One of the first things to strike me was how LITTLE CLOTHING some of the ladies had on in Greece. After thinking on it, I realized that after being in Egypt for 3 weeks (where women show NOTHING... Not ankles, not wrists, not hair. Only faces, and frequently not even that.) Had changed me in some way. To see a curve was shocking.
The ladies in Greece were wearing nothing unusual by Western standards. I can now see how being in such a conservative (okay, not "conservative"... "EXTREME") environment (even for a short time!) can impact how one sees things.
Being away from the life I had in Phoenix has been tough. It was a life I built through 10 years of effort both deliberate and unintentional. All those daily activities that provided structure, stimulus, and helped “grow” my personality and my relationships are “paused”. Being away from “my former life” has taught me things... One of which is how good that life really was. I have gained much from this experience—but though I feel part of me has grown, I also feel a part of me has been stunted.
So much happening in others´ lives at home I have missed out on... Moves and birthdays and new relationships, promotions and achievements and parties, moments of clarity and uncertainty, times to comfort and times to be comforted... And I have been g o n e. . . And life goes on... So much stimulus myself... Experiencing the anxiety of living with no job, no home, and no bed. Seeing so many places I´ve only dreamt of, living in a way I never have, developing new language skills, meeting SO MANY fascinating people... It has been absorbing, rewarding—absolutely fantastic—And yet I have been experiencing a profound longing.
Such is the nature of choices in life: gain one thing, lose another.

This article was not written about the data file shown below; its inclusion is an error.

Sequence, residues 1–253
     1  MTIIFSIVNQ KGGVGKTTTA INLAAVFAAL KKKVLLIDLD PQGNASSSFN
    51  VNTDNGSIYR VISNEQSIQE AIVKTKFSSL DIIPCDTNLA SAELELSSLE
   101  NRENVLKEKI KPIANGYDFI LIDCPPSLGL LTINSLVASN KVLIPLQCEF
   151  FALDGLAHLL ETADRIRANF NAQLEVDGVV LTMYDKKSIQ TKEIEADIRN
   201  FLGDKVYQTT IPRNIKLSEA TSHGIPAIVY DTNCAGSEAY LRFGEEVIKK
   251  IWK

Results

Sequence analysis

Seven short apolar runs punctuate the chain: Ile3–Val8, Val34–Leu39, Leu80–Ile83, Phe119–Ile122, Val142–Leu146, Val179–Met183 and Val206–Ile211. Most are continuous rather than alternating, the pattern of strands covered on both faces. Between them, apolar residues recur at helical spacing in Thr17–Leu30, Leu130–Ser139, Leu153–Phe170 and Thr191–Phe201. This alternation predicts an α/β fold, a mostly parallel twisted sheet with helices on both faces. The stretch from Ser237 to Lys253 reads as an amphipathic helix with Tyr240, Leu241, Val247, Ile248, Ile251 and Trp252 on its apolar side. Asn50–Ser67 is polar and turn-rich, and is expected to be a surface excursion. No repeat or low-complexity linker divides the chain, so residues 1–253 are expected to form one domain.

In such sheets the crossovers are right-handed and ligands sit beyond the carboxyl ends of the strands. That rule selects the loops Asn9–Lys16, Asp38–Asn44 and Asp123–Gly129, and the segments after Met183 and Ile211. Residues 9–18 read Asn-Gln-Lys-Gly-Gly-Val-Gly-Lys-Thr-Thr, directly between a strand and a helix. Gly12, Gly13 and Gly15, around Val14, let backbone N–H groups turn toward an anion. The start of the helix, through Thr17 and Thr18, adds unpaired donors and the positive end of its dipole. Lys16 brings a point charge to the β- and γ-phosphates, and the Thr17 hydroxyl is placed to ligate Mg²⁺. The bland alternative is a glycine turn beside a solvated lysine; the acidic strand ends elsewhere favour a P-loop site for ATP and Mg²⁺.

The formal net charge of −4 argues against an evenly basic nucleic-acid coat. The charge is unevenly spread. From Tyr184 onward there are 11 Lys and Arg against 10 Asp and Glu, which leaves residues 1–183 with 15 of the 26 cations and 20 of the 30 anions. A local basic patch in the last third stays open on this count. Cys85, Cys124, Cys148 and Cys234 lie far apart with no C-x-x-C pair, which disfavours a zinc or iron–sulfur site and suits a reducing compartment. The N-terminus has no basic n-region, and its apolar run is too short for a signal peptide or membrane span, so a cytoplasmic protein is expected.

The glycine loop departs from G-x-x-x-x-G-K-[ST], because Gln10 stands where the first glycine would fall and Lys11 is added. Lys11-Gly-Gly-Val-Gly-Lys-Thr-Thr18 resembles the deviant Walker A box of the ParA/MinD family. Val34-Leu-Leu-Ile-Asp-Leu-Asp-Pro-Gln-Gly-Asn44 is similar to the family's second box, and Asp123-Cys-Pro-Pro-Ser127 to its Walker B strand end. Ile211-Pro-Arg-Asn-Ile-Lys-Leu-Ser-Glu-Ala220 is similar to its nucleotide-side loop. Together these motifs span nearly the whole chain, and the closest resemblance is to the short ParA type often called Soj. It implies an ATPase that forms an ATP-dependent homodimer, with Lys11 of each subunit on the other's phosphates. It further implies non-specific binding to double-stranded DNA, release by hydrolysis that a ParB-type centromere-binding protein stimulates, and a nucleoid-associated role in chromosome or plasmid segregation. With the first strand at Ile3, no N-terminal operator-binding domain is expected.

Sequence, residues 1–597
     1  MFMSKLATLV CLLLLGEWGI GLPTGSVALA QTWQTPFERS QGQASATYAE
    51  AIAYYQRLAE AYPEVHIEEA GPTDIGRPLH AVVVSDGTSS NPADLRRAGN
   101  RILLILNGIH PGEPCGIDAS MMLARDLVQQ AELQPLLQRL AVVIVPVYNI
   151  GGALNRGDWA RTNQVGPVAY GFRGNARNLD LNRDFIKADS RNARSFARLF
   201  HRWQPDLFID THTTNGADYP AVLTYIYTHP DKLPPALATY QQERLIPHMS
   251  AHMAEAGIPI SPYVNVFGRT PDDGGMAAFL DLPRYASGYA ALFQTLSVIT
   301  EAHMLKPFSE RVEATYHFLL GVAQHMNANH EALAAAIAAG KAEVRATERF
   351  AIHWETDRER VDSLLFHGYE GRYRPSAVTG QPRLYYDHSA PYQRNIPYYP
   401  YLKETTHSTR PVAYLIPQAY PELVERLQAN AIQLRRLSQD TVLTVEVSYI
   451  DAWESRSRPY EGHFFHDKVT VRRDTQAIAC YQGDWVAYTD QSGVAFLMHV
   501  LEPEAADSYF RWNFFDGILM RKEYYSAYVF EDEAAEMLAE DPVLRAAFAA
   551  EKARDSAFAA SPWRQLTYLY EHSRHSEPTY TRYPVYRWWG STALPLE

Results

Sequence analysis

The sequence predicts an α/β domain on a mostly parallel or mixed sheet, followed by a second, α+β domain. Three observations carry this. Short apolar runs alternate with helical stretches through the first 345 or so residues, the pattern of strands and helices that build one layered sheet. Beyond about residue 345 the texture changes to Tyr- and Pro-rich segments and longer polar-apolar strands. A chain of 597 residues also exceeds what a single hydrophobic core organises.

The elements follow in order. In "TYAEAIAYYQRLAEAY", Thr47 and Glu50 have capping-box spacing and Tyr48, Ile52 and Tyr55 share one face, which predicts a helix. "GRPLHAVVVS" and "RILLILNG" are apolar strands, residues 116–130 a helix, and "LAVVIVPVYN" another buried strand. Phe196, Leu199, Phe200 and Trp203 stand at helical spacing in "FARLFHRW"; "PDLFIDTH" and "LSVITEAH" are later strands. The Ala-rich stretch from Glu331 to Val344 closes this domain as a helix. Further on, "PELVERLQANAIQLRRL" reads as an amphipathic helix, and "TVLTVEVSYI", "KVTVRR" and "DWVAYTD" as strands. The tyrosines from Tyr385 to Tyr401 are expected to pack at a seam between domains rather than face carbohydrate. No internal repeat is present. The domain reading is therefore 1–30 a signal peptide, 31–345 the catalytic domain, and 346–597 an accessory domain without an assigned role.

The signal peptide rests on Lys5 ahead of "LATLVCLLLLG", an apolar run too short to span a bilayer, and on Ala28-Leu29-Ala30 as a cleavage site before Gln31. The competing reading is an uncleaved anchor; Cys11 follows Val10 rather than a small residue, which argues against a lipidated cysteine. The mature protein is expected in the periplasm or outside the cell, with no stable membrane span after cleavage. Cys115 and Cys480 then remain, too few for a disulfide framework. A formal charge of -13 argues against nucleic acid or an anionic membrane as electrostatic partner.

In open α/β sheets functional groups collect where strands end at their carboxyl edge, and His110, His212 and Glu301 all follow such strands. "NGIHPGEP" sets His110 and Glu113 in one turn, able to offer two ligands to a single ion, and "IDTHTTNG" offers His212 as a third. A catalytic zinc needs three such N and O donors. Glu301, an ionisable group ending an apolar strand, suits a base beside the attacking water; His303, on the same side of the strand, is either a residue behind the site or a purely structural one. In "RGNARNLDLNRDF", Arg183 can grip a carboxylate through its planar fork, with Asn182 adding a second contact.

Aside from a few small artifacts of my former life—my watch, the shoes I bought before I left, a few mementos given to me by loved ones—every part of my typical day has been devoid of markers from those days that came before. So getting a call from a loved one, or an email, or a care package takes on so much more significance—since to revisit the familiarity is to revisit a relationship I fear has dimished in my stead—it is to reconnect and once again feel the pull and push of a friendship—It is to revisit a part of my life that I dearly miss. So, when Jacob told me that he wanted to join me, I was ELATED.
Jacob and I met in Junior-high school when we were both big nerds (some things never change!) nearly 22 years ago. We met up in Athens, then went counter-clockwise south to Kos (Greece), then to Bodrum (Turkey), then north to Istanbul, and finally West to Greece.
Being able to share this time with Jacob has certainly been one of the highlights of my trip.
Night helped bring out Kos´s magic. This is a picture of one of the overgrown bouganvilla bushes (I definitely have a "thing" for these breathtaking bushes!!) strung with party lights over an uplit wall. I loves the theatrical lighting! (Kos, Greece)